Saturday, 15 June 2013
Dervla Murphy, In Ethiopia With a Mule
I seem to have a thing about Ethiopia recently. Wherever I turn, there it is. Feature article on my favourite news website. Bumper sticker declaring someone's love for the place. Books, chosen randomly but inevitably converging on the African nation. The Prester Quest, reviewed recently. Ryszard Kapuscinski's The Emperor (review coming soon!). Dervla Murphy's In Ethiopia With a Mule.
I almost feel stalked (can one be stalked by a country, I wonder?).
And yes, we're talking Dervla Murphy today. Again!
In Ethiopia With a Mule is a diary of her first African journey - at least the first she wrote about - undertaken in 1966. Those were the days of emperor Haile Sellasie, he of the Rastafari fame. Eritrea was still a part of the country. I'm mentioning this only because some of the terrain that Dervla journeyed through is not Ethiopian anymore.
Murphy's courageous attitude is visible from the first pages of the book. Despite numerous warnings about bandit activity on the chosen route, she kept evading any official escort as often as she could, convinced that a retinue would negatively impact on her relations with local populace. A few minor and one major incidents did take place. Dervla's description of the 'serious' encounter with thieves sounds pretty innocent right after the fact, but she often referred to this situation later in life as one of the few really dangerous ones that she faced.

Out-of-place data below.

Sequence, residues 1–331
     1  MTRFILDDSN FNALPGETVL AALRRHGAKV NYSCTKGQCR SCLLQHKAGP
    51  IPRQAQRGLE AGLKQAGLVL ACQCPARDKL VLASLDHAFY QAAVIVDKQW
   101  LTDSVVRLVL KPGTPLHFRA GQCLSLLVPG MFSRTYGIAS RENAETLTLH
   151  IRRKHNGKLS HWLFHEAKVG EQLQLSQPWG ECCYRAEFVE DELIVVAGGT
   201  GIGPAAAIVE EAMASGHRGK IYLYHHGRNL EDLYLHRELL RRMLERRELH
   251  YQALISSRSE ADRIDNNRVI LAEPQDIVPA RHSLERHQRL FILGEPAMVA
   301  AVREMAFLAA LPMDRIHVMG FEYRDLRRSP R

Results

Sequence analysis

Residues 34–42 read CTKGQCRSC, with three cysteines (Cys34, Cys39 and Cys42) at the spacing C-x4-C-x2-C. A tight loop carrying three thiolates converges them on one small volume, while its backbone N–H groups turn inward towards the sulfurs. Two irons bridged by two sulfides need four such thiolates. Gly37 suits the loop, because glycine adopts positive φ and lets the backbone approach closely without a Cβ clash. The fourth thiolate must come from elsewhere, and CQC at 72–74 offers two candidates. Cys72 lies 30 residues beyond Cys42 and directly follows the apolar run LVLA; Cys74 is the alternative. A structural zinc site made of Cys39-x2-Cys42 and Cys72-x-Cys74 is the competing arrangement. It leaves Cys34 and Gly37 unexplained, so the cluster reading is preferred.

Bandits aside, Ethiopia in the sixties was a demanding country. Rough terrain, maps bad or non-existent, little food and water, extremes of temperature and insect life turning night time into hell. To balance it all, it also offered unequalled natural beauty, kind hospitality of the Ethiopians, blissful solitude and physical challenges, both of which Dervla greatly appreciates.
As usually, Murphy's unique blend of compassion, common sense and thirst for adventure translate to flawless travel writing.